Despite recent advances in our understanding of lineage of oligodendrocytes, detailed molecular characterization of this lineage in vivo is limited, primarily because of our inability to obtain a pure population of cells in situ. To define the molecular characteristics of oligodendrocyte lineage cells during development and their response to injury, we developed a strategy that uses laser capture microdissection (LCM) to isolate cells from sections and reverse transcription-PCR to determine mRNA expression. As a first step, we examined the expression of myelin-specific protein genes in NG2+ cells in cerebral cortex. We demonstrate that NG2+ cells in both developing and adult mice express NG2 mRNA but not mRNA for proteins specific for astrocytes, neurons, or microglia, indicating that a highly pure population of antigen-specific cells of the oligodendrocyte lineage can be obtained using LCM. Furthermore, we show that NG2+ cells express mRNAs for proteolipid protein (PLP), myelin basic protein, and 2′,3′-cyclic nucleotide 3′-phosphodiesterase, but they dot not express DM-20 mRNA, a PLP mRNA splicing variant. Our data demonstrate that antigen-specific cells of oligodendrocyte lineage differentially express mRNA for myelin-specific proteins and their variants in vivo, partly define the gene expression in NG2+ cells, and raise questions about the cellular sites of DM-20 expression. This work also shows that LCM is a valuable tool to define and analyze gene expression in the cells of the oligodendrocyte lineage.
In the CNS, oligodendrocytes develop from glial progenitors in the ventricular and subventricular zones (Hirano and Goldman, 1988; Levison and Goldman, 1993). Recent developments using molecular biology and immunology techniques have made it possible to identify cells of the oligodendrocyte lineage both in vitro and in vivo. These studies have significantly advanced our knowledge and led to our current understanding of oligodendrocyte development (for review, see Raff, 1989; Woodruff et al., 2001). Despite these advances, detailed molecular characterization of oligodendrocyte lineage cells in vivo during development and after injury is limited, primarily because of our inability to obtain pure populations of cell types in situ. For example, whereas the expression of genes encoding for myelin-specific proteins has been well studied in developing CNS using Northern blot hybridization, RNA protection assay, reverse transcription (RT)-PCR, and Western immunoblot analyses (Morell et al., 1972; Lai et al., 1987; Schindler et al., 1990; Inuzuka et al., 1991;Pedraza et al., 1991), these studies used whole brain or brain regions, making it impossible to identify the cellular origin for each myelin-associated protein. In situ mRNA hybridization analysis, immunohistochemical staining, and combined in situ hybridization and immunostaining also have provided important information about cellular expression of myelin-specific proteins. The unavailability of isoform-specific probes or antibodies, however, has made it difficult to precisely identify the oligodendrocyte lineage cells that express each isoform of the myelin-specific protein genes.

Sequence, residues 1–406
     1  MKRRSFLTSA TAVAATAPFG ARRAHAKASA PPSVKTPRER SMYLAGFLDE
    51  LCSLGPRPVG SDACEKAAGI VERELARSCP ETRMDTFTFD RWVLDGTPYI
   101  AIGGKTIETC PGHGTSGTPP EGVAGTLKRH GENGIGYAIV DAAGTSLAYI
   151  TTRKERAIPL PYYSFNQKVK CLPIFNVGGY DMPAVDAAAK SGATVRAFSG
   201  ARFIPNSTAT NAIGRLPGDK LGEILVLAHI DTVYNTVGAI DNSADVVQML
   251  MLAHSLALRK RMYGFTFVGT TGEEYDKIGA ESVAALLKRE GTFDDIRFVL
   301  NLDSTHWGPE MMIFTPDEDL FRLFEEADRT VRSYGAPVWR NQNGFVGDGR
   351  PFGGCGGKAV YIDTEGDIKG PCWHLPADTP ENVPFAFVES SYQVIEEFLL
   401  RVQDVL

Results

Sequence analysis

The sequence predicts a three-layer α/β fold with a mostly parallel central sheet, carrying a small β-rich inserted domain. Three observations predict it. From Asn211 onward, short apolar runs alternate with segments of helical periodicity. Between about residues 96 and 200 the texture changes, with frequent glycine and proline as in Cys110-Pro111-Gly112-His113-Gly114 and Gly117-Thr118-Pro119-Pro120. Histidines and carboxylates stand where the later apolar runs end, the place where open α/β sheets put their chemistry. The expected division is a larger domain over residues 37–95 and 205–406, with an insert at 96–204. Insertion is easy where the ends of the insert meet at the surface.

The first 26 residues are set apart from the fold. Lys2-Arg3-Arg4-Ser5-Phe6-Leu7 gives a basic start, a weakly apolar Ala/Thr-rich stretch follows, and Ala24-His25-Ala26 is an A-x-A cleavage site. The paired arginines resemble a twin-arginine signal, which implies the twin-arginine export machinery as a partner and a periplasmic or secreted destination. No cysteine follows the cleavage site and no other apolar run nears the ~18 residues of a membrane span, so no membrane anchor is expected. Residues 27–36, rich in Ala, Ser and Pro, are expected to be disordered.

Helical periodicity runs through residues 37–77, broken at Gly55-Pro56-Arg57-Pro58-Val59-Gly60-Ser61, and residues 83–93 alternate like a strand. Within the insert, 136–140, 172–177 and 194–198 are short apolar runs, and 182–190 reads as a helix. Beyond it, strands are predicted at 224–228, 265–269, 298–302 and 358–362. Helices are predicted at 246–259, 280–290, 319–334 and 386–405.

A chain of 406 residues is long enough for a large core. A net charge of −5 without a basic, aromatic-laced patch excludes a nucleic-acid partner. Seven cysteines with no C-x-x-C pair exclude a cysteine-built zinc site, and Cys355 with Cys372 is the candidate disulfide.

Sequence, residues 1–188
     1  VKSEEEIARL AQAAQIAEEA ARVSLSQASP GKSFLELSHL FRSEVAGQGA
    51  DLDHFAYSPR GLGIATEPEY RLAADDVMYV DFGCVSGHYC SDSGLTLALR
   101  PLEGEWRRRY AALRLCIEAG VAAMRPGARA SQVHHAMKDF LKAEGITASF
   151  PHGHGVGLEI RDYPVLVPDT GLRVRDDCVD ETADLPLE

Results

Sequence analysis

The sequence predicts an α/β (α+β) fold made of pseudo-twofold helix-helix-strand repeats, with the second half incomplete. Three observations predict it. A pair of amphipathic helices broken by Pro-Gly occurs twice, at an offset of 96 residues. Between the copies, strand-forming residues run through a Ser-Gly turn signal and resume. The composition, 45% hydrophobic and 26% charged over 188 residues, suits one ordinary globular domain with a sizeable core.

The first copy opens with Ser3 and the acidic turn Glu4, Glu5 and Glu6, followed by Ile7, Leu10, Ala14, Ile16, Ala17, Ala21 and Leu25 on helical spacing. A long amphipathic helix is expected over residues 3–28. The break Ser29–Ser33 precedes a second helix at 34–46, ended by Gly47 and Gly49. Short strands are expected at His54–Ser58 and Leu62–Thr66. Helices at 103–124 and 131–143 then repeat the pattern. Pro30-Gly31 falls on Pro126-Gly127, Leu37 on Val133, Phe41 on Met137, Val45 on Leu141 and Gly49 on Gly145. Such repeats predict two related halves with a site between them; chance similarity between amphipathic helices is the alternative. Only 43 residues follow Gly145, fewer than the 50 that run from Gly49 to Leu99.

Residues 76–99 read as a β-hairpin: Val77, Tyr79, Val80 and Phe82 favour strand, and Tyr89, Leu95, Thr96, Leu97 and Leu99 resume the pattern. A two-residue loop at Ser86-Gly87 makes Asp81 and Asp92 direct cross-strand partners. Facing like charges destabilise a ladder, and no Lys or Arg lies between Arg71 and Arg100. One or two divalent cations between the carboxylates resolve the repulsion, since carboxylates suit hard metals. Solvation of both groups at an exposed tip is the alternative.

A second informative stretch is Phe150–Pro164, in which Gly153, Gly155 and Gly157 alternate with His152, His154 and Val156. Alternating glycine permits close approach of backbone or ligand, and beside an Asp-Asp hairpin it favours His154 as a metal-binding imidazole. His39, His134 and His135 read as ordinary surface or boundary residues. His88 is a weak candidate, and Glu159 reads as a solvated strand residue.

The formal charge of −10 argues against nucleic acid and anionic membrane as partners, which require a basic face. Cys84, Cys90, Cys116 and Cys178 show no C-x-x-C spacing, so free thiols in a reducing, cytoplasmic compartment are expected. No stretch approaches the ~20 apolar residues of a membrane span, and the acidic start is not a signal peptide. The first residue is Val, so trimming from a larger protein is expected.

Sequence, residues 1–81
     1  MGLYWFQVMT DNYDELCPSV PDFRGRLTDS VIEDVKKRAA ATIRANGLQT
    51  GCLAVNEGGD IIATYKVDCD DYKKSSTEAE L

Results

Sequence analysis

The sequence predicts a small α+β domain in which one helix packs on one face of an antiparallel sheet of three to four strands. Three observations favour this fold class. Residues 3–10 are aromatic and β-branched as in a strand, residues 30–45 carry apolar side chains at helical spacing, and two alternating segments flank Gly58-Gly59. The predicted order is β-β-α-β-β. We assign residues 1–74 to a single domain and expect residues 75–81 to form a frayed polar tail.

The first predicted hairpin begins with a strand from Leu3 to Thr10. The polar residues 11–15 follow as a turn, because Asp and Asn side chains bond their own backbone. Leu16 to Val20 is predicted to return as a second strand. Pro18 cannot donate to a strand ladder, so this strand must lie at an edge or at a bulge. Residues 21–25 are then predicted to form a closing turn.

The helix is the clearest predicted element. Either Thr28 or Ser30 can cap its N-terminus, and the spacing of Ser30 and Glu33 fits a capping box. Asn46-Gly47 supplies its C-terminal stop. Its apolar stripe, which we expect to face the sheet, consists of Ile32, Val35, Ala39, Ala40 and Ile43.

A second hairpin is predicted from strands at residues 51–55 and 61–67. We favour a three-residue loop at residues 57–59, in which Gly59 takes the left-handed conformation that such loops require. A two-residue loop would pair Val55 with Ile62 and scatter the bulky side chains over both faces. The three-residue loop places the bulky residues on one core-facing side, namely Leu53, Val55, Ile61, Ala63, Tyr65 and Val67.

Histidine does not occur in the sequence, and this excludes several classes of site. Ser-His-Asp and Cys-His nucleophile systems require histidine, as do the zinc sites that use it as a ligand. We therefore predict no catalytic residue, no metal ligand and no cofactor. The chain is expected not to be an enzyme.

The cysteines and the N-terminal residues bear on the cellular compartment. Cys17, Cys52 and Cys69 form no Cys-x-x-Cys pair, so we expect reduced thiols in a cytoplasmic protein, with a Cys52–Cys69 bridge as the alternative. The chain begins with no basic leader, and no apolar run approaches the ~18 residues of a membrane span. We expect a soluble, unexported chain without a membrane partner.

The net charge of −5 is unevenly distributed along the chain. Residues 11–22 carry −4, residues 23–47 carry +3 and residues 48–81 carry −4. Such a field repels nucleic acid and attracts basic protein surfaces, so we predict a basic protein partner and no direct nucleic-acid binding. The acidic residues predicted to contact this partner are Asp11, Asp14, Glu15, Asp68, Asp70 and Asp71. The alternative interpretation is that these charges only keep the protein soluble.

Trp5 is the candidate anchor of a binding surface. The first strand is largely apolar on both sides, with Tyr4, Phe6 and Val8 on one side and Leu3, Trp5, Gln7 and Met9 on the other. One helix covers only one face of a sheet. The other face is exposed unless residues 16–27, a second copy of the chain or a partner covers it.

To define the pattern of gene expression in the cells of the oligodendrocyte lineage during development and after injury, we developed a strategy that uses laser capture microdissection (LCM) to remove cells from sections. This allows isolation of RNA from defined in vivo cell populations and use of RT-PCR to precisely identify the mRNAs that they express. Here we report the expression of myelin protein genes in NG2 immunopositive (NG2+) cells in the cerebral cortex (CTX). We provide evidence that the NG2+ cells express mRNAs for proteolipid protein (PLP), MBP, and 2′,3′-cyclic nucleotide 3′-phosphodiesterase (CNP) but not the mRNA for DM-20, a PLP mRNA splicing variant. Our data indicate that NG2 + cells are a unique population of cells in the oligodendrocyte lineage and that LCM is a valuable tool for defining and analyzing the molecular characteristics of antigen-specific cells in oligodendrocyte lineage in vivo.
Materials and Methods